Dr Benjamin Brennan
- Sir Henry Dale Fellow (Centre for Virus Research)
Work in my lab is funded by a Wellcome Trust/Royal Society Sir Henry Dale Fellowship and focuses on how tick-borne viruses interact with their arthropod vector to facilitate transmission. In particular we study viruses belonging to the Banyangvirus and Phlebovirus genera of the Phenuiviridae family.
Recent work has involved the development of a reverse genetics system for the newly discovered Huaiyangshan banyangvirus (severe fever with thrombocytopenia syndrome virus; SFTSV), as well as studies on Heartland (HRTV) and Uukuniemi (UUKV) viruses.
In particular, my research focuses on:
- Examining the interaction of tick transmitted viruses with their arthropod vector.
- Developing tools and techniques to study the replication of tick-borne viruses in vitro in tick cell lines and in vivo in ticks.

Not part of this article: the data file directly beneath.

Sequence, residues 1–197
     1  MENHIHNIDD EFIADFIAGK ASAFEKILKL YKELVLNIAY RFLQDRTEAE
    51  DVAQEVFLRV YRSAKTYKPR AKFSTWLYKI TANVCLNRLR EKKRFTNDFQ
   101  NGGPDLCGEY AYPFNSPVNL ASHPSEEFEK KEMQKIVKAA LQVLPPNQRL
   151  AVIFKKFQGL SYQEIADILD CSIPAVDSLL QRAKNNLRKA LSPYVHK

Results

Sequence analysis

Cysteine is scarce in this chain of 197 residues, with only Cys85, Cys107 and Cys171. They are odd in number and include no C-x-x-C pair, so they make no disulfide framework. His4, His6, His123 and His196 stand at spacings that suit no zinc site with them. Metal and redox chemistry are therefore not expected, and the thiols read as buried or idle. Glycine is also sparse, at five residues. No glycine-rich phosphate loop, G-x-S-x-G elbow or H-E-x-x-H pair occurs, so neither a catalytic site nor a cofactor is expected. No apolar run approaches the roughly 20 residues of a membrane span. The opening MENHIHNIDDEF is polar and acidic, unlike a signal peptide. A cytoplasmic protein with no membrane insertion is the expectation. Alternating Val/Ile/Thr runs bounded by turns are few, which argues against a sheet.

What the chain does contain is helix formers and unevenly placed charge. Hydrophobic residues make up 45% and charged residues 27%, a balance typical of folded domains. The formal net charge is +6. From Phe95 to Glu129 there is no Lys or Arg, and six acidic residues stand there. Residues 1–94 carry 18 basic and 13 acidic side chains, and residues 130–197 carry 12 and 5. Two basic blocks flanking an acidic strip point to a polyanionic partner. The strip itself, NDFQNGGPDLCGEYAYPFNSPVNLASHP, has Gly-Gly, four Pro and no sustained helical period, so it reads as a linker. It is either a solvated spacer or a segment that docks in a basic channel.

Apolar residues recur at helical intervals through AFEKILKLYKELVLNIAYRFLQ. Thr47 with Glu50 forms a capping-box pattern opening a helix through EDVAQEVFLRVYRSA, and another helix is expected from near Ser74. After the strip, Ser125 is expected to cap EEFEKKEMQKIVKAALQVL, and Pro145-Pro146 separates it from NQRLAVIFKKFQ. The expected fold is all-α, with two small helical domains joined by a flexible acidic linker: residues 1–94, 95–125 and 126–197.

- Investigating the roles of the viral proteins during infection of both mammalian and arthropod cells.
- Exploring the molecular determinants of virus tropism.
- Developing attenuated viruses for use as potential live-attenuated vaccines or vector control agents.
I am also a former member of the laboratory of the late Prof Richard M Elliott (Bunyavirus Group), please contact me via email for requests for reagents/viruses regarding older publications.
Research interests: tick-borne viruses, arthropods, bunyaviruses, reverse genetics, vaccinology.
Grants and Awards listed are those received whilst working with the University of Glasgow.
- What makes phleboviruses tick? Examining the molecular interactions of tick-borne phleboviruses with their arthropod vector
2018 - 2023
- Vaccines and molecular tools for the control of the emerging bunyavirus, severe fever with thrombocytopenia syndrome virus (SFTSV)
Biotechnology and Biological Sciences Research Council
2018 - 2021
Professional activities & recognition
Prizes, awards & distinctions
- 2017: Support Sir Henry Dale Fellowship (Lord Kelvin Adam Smith Leadership Fellow Funding)
- 2018: Wellcome Trust/Royal Society Sir Henry Dale Fellowship
- 2015: Journal of General Virology